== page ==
I’m cooking today. Yes, itʼs another mini-breakfast-quiche-making marathon. I actually started on Tuesday, but thawing and wringing dry and separating the chopped (formerly frozen, eight boxes of) spinach, cutting up the veggies (peppers, carrot shreds, mushrooms and onions), and then mixing all that with eggoid (“egg substitute” for all of you not part of this household) and cheese (two parts shredded fat-free to one part simply shredded cheddar) took me just about all morning, once I got myself disconnected* from the computer, so that I only baked four or five batches (twenty-four quiches to a batch, six daysʼ of breakfast eating in a container). The process continues today, starting even before The Lovely One left for work.

This morning, I am four batches in, with most of a huge bowl of mixture to go, each baking (at 375°, or as I am doing today, 380°) requiring my attention twice, once at the twenty-minute mark to remove the two muffin pans from the oven and tenderly extract the metal muffin tins of little quiches onto cooling pads before inserting new cups to fill with more mixture and place back in the oven for the next twenty minutes. And once mid-baking-cycle to remove the twenty-four cooled quiches from their tins and place that batch in a plastic container for freezing.**

So why not finish yesterday/Wednesday, as I had the whole humongous four-mixing-bowls of (I am not sure… what would you call it?) batter prepared and partially cooked already on Tuesday? Why not? Because yesterday was my first full day at the Grand Opera House in Dubuque, working on the set, props, special effects, lights and whatever-else our scene and lights designer/technical director Keith could use me for. I left here at 8:00, arriving in Dubuque not much more than a half-hour later, around a massively piled-up detour to avoid five ethanol-filled, overturned, derailed train cars right off downtown.

Muh-muh-muh — my Makita (three jokes — okay, perhaps not funny, so: three “allusions” — in one package there)

I brought along my big red notebook, but there was enough to keep me busy, even on my own at first — devising a special prop/set piece, the electroshock machine, and switching out some furniture. I roamed freely through the basement bowels of the building discovering usable stuff and even almost wrestling a large electronics housing module (destined to become the electroshock machine) out of its storage spot and upstairs (it was the upstairs part that made my efforts there “almost”) until Keith arrived with a load of lumber and we set to work — him cutting boards and me utilizing both the Grandʼs and my own (nearly identical) Makita powerdrivers*** to assemble some Hollywood-style flats to then attach those into a unit for the Up Center wall, a section between two yet-to-be-finished windows. Keith also had me help create an oddly shaped platform to finish off the front end of the nursesʼ station Up Left. In the pre-Keith hours, I also developed the list of sound-effect cues and a list of those sounds for Keith (a sage and crafty sound designer/technician as well). He also used the midstage lift to elevate my potential electroshock machine and a big, heavy dentistʼs chair from the basement to stage level — pretty cool.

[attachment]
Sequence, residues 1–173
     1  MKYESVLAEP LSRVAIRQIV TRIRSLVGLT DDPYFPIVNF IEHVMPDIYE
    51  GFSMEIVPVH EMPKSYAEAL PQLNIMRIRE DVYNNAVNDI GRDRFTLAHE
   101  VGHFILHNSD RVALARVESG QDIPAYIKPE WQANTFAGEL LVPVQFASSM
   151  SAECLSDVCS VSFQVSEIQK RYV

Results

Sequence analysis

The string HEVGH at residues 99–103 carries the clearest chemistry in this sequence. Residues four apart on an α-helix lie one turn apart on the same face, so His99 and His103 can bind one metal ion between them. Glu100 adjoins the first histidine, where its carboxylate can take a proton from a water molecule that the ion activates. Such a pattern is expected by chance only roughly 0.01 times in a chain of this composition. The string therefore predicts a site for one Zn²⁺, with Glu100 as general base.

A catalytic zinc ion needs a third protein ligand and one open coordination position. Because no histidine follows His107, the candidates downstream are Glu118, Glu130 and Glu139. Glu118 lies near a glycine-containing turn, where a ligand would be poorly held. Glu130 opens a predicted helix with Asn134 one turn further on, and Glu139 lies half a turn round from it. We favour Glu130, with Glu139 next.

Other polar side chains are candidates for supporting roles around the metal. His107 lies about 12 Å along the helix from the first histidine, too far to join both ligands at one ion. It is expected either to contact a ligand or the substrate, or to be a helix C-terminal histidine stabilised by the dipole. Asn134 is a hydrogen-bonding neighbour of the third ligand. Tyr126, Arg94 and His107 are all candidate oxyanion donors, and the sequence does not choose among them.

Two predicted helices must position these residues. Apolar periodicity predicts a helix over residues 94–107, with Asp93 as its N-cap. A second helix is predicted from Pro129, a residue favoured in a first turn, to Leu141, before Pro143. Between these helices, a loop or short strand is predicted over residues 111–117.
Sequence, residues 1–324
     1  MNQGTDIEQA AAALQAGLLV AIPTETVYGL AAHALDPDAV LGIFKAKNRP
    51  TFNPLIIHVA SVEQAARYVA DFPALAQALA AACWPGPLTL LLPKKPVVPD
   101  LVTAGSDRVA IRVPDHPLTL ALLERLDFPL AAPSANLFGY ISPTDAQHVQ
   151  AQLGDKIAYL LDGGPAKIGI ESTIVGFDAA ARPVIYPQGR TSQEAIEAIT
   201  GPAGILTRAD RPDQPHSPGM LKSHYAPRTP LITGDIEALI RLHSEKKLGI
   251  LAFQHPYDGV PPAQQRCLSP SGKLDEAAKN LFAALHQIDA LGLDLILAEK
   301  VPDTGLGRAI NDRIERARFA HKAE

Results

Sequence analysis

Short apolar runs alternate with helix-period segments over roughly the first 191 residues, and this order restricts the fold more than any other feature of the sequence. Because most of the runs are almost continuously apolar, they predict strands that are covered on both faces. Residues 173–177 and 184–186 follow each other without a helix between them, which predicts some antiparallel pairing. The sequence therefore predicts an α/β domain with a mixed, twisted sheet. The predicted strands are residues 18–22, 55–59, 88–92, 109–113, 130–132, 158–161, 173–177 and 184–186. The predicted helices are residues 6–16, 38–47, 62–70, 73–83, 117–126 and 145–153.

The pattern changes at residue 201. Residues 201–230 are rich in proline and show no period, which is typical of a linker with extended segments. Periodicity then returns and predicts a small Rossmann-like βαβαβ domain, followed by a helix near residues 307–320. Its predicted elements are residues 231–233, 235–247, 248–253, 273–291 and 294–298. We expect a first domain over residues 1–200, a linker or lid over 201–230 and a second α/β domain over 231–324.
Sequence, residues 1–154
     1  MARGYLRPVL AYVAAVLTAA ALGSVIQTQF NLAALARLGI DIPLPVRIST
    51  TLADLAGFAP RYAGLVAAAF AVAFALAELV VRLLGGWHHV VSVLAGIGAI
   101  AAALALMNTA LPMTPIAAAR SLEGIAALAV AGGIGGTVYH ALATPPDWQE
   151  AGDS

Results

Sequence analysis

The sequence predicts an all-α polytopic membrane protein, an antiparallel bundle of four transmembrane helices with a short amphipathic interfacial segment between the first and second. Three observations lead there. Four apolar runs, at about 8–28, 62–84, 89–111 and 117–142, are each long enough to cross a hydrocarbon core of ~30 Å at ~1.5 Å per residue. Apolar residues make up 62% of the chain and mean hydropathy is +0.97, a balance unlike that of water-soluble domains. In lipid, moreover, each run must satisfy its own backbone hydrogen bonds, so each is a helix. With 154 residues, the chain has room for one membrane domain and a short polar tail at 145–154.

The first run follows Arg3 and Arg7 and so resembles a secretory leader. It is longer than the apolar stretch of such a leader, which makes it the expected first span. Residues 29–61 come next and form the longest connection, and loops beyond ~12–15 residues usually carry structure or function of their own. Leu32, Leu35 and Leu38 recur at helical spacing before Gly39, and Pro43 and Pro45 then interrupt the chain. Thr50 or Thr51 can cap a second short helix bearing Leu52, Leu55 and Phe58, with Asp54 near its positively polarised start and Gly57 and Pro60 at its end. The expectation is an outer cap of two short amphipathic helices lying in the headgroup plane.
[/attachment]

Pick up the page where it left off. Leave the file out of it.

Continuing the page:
It didnʼt feel like much when we were done for the day, but my body knew how many hours and how much effort I had exerted crawling about on the stage drilling holes and driving screws. Today my hams are feeling the effects.

I also handled rehearsal on my own later on, last night. The Lovely One, having injured her back over the past weekend, finally took off a bit early from work to head for home and seek medical attention. Even though we took the two acts in reverse order (Two, then One), the cast sparkled brilliantly. We had felt awed by the outpouring of excellent talent at auditions weeks ago, and the cast Janet and I selected has amazed us ever since with their astonishing prowess, flair and panache.**** I left for home last night excited and delighted, optimistic that the group had some special insights and new performance twists to exhibit to Janet tonight.

And now I am nearly finished with the quiche-baking procedure. The composition of this post has been a four-batch process, and I hope to have this online before the last batch is done.

Then maybe I can get myself back to Dubuque to spend more time in an ill-lit auditorium preparing for our show.

One Flew over the Cuckooʼs NestSeptember 23 through October 2 (with the Monday, Tuesday and Wednesday in between off, Sundays at 2:00 PM) at the Grand Opera House in Dubuque, tickets available at the Grand ticket office and online, www.thegrandoperahouse.com/tickets.cfm).